Commemorations are also planned at Rachel Carson Elementary School in Gaithersburg, Md., and Rachel Carson Middle School in Herndon, Va. Carson's 100th birthday would have been May 27.

Forty-three years after her death, Carson is still cited as an inspiration across the environmental spectrum, by endangered-species advocates and anti-pesticide groups and researchers concerned about hormone-mimicking pollutants.

Mark Lytle, a professor at Bard College in Annandale-on-Hudson, N.Y., said that all of these movements can be traced in some way to Carson and her call to look more closely at humans' destruction of natural systems.

This importance stands in sharp contrast with the humble way that Carson arrived in Washington.

In 1935, with a master's degree in zoology from Johns Hopkins University, the Pennsylvania native was hired as a government contractor to write scripts for a radio nature show, "Romance Under the Waters.'' She made $6.50 a day. In 1936, Carson became a full-time science writer, and she stayed with the government for 16 more years. Carson also raised a grand-nephew, Roger Christie, whom she adopted as a son.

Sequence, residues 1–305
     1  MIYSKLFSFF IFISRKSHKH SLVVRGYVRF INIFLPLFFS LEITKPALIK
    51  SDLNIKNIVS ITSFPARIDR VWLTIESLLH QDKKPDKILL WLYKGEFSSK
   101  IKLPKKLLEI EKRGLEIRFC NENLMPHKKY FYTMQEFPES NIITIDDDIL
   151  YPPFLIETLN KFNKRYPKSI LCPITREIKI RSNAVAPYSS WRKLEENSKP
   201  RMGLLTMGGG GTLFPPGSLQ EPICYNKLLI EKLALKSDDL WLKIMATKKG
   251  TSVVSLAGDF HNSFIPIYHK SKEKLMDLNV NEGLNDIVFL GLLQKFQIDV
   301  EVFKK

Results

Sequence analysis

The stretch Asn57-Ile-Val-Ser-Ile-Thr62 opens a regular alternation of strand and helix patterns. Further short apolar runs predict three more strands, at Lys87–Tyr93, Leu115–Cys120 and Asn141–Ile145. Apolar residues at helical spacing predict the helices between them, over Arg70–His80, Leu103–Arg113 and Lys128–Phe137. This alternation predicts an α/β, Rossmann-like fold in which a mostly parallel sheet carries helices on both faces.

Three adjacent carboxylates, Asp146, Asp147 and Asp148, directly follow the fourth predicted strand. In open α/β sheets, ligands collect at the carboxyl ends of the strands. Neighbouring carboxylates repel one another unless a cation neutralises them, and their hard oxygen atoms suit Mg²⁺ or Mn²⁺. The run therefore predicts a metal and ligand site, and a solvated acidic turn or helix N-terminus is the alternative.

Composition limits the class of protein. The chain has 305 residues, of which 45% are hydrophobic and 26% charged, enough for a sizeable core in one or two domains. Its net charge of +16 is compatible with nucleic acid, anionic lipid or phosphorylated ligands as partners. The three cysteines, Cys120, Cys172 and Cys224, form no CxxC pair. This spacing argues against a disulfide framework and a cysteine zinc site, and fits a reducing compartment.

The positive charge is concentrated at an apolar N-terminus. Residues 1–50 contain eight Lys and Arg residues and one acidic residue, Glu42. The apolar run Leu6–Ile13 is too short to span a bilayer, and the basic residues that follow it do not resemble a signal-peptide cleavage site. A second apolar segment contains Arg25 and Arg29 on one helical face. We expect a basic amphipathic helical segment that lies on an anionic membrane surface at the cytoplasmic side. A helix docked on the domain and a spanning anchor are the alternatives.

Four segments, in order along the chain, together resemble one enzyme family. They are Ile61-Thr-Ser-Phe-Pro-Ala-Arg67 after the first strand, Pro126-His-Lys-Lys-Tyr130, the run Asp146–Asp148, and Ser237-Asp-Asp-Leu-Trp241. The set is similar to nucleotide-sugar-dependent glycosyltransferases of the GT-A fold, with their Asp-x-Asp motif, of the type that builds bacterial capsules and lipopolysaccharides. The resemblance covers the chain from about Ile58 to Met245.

These were less cautious times in wildlife management: Government officials were still handing out recipes for eating the animals they studied. Still, in 1945, the U.S. Fish and Wildlife Service was conducting research on a widely used pesticide.

"DDT may have undesirable and even dangerous effects unless its use is properly controlled,'' said a news release, which Carson helped write.

"It stuck in the back of her mind, apparently,'' said Mark Madison, a historian for the Fish and Wildlife Service, Carson's employer for much of her career.